PHOENIXIts widely known that a low credit score can affect your ability to obtain loans and other lines of credit, as well as interest rates. But did you know your credit score can also affect what you drive, your home and even your job?
A credit score is an estimate of your credit risk, which is based on your credit report.
Lenders use this number to determine how likely you will be to repay a loan or line of credit in a timely manner, said Mike Sullivan, director of education for Take Charge America, a national non-profit credit counseling agency. However, other entities consider your credit score to be determinate of your responsibility in other aspects of your life.
Sullivan describes four instances in which your credit score can cost you:
Auto insuranceMany insurance companies use your credit score to help determine the amount of insurance you can receive, as well as premium payments. If your credit score is really low, you can be refused insurance. That can become a major problem in states that require all drivers to carry auto insurance. The reason: consumers with poor credit are assigned to a higher risk group because insurance companies believe they may be more apt to file a claim. The higher the risk group, the higher the cost.
Home insuranceSimilar to auto insurance, your credit score can be a factor in determining your ability to obtain quality home insurance coverage. If you are experiencing serious financial problems, insurance companies have found the temptation to commit fraud increases and, thus, you are a higher risk. Your personal veracity is not the issue since insurance companies use actuarial tables and other trends and assumptions to determine rates. So you are being looked at based on the behaviors of all people in similar situations.
RentersAre you in the market to rent an apartment or condo? Before you start shopping, check out your credit score. Leasing agents also use credit reports and credit scores to determine how likely you will be to meet your monthly rent payments.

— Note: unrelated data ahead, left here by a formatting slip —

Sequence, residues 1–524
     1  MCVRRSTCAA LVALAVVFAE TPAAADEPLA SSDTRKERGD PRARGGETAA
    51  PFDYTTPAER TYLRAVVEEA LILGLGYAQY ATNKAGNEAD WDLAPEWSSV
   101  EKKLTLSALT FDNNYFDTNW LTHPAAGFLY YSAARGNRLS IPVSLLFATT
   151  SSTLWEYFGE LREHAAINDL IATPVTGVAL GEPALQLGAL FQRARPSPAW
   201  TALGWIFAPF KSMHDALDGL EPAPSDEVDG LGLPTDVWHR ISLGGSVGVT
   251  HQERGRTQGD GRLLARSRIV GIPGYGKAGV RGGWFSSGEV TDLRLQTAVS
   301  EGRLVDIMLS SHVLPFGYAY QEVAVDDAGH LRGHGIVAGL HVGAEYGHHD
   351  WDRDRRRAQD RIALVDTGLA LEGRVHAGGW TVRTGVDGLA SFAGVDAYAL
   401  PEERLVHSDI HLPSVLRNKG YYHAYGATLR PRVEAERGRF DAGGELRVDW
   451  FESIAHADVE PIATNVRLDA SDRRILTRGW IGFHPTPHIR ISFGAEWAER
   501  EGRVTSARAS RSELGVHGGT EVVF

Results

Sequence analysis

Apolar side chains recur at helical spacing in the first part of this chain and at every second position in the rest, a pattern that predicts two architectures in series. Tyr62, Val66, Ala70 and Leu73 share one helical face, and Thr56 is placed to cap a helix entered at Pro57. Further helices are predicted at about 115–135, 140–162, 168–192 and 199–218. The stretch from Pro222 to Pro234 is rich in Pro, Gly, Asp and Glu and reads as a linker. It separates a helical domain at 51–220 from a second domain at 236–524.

Potential jobMany employers use credit scores to determine a potential recruits responsibility level. So, if you have a low score, you can actually be denied a job. According to a 2004 survey by the Society for Human Resource Management, 19 percent of employers always run credit checks before offering a job to a potential new employee, and 24 percent sometimes run such checks. Traditionally, jobs in the financial field have required credit checks, but now this precautionary trend is starting to take off in other industries.
As the importance of the credit score increases, it is even more important that you check your credit report and score for accuracy. According to the U.S. PIRG, the Federation of State Public Interest Research Groups, about 25 percent of credit reports surveyed in 2004 contained serious errors that could result in the denial of credit.
Its vital that you check your credit report on a regular basis. Unfortunately, mistakes happen. The sooner you catch them, the better, said Sullivan.
You can check your credit report for free online once each year at www.annualcreditreport.com.
from the Oct. 10, 2007, issue